By changing the values of the TRIGGER_MANAGER_TYPE and/or TRIGGER_STORAGE_TYPE settings, you can customize the trigger manager and/or storage backend that your application uses, without having to rewrite any logic.

Finalizing a Session

In many cases, it is useful to schedule trigger tasks to run when everything else is finished.

For example, we may want to have our questionnaire application set a status flag in the database once the questionnaire is 100% complete and all of the other trigger tasks have finished successfully.

To make this work, we will define a new trigger called sessionFinalized that fires when all of the trigger tasks in a session have finished running.

We can detect that a trigger task has finished running by waiting for its cascade; that is, we can perform the “is session finalized” check after each trigger fires.

To accomplish this, we must create our own trigger manager and override its _post_fire() hook.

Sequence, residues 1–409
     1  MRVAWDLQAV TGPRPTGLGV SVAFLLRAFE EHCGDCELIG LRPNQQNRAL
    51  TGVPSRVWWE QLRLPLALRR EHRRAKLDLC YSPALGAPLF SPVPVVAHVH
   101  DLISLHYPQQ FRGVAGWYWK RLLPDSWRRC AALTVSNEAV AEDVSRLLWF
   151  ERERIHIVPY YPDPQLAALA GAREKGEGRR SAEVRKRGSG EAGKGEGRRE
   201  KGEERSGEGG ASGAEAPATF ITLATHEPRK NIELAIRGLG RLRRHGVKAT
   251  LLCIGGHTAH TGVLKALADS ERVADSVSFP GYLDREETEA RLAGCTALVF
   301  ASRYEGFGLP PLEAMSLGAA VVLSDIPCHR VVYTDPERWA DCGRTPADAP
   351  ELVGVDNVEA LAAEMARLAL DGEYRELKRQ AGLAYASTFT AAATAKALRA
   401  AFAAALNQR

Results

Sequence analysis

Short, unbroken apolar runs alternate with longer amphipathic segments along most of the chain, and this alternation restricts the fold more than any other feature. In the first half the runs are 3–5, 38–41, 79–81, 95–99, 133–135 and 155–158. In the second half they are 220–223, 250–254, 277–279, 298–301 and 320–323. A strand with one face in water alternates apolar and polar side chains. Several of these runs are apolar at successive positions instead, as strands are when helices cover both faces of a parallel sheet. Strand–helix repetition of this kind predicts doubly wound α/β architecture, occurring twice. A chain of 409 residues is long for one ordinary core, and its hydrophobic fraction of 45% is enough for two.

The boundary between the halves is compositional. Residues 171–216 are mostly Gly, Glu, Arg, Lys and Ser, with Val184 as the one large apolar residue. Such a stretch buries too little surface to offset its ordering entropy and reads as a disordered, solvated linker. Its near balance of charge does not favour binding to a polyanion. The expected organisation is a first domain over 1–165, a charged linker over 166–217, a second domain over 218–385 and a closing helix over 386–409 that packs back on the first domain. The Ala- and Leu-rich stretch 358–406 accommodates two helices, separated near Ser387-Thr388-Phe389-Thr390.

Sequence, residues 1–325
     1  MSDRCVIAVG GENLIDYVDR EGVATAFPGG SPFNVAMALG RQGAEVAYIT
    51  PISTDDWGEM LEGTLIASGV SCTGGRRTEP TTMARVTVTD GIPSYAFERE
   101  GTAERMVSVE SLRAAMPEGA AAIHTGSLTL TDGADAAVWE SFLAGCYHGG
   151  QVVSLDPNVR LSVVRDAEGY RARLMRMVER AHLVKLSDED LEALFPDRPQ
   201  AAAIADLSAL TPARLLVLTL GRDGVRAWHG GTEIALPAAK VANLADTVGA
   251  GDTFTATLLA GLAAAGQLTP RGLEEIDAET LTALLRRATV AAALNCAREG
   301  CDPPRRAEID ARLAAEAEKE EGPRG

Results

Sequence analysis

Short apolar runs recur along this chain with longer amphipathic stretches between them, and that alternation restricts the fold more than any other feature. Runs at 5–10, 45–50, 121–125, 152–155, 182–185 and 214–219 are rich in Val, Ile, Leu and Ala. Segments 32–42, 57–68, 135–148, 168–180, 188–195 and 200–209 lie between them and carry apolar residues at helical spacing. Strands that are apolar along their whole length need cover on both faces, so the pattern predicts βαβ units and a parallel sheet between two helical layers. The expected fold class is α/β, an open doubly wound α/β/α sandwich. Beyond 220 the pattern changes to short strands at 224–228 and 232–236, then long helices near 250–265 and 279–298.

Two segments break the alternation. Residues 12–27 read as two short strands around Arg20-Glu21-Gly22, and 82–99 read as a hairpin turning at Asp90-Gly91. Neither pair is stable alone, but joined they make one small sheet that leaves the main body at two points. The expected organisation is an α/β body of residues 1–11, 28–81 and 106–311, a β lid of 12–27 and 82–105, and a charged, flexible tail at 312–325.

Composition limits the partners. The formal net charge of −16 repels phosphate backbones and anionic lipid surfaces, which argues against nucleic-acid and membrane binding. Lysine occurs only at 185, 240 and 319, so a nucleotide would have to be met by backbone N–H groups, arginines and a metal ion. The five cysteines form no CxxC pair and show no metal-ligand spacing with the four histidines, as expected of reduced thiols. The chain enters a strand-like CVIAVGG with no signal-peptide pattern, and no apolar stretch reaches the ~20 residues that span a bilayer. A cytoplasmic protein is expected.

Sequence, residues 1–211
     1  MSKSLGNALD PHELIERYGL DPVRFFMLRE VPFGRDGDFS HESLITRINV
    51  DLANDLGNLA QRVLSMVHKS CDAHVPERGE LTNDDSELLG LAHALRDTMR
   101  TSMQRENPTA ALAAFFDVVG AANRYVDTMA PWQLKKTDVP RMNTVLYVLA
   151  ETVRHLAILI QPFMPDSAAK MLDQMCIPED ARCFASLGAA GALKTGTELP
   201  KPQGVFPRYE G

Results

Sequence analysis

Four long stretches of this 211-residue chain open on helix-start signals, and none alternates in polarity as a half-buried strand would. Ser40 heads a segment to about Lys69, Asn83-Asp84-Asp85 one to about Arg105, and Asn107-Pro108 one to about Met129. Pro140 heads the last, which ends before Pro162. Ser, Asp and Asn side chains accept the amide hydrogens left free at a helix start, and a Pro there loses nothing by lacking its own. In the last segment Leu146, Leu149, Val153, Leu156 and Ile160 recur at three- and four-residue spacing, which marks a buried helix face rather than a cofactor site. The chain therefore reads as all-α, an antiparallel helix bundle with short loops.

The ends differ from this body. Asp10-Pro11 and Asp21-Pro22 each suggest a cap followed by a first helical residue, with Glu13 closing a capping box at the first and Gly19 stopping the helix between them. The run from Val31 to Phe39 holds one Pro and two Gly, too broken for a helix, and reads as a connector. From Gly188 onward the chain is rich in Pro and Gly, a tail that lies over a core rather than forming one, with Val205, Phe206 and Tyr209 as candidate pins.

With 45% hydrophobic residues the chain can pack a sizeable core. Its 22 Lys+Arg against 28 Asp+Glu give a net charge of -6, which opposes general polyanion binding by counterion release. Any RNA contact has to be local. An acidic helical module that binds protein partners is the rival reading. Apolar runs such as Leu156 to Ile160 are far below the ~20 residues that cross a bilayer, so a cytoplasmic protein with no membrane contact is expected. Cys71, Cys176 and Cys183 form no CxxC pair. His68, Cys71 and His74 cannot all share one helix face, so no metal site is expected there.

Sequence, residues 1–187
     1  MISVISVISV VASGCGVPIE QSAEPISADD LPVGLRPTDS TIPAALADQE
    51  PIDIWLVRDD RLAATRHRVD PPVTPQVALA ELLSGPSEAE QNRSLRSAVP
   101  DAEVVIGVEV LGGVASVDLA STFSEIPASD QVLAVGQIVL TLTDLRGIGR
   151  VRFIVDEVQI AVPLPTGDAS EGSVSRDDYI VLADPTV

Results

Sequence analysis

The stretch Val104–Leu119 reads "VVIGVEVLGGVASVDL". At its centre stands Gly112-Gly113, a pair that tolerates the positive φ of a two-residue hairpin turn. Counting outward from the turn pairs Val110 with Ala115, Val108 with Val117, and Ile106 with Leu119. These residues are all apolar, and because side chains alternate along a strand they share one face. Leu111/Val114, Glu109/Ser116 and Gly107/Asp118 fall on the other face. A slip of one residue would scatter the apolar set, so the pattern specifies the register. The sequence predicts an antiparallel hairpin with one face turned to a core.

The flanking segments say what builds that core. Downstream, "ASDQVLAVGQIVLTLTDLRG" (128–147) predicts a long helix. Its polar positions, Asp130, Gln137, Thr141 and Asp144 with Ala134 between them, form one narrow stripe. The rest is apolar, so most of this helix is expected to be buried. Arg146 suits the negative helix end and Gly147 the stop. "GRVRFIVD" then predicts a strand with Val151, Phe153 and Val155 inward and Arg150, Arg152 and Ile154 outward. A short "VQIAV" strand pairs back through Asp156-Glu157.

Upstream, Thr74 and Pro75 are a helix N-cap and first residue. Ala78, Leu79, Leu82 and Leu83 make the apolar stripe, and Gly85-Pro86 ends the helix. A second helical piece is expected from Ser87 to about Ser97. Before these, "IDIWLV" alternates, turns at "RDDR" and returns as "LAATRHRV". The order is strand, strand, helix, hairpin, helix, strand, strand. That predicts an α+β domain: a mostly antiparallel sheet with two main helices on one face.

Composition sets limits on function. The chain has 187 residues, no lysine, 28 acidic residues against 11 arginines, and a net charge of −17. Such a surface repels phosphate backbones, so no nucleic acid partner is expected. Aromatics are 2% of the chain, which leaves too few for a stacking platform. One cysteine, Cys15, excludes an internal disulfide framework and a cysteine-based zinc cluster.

We will also take advantage of the trigger manager’s ability to find unresolved tasks, so that we can determine if there are any tasks waiting to run.

The end result looks like this:

class FinalizingTriggerManager(TriggerManager):
  TRIGGER_SESSION_FINALIZED = "sessionFinalized"

  def _post_fire(self, trigger_name, tasks_scheduled):
    # Prevent infinite recursion.
    if trigger_name == self.TRIGGER_SESSION_FINALIZED:

    # A session can only be finalized once.

    # Check for any unresolved tasks...
    for config in self.get_unresolved_tasks():
      # ... ignoring any that are waiting for session finalized.
      if self.TRIGGER_SESSION_FINALIZED not in config.after:

    # If we get here, we are ready to finalize the session.


Don’t forget to register your trigger manager!

Namespaced Session UIDs

Suppose you have a set of related triggers sessions, and you want to schedule some tasks to run in a “super session” of sorts.

For example, let’s suppose that our questionnaire application has two different questionnaires: “Flora” and “Fauna”. We would like to execute a trigger task after the applicant completes page 3 of the Flora questionnaire and page 6 of the Fauna questionnaire. But, we can’t predict what order these events will occur.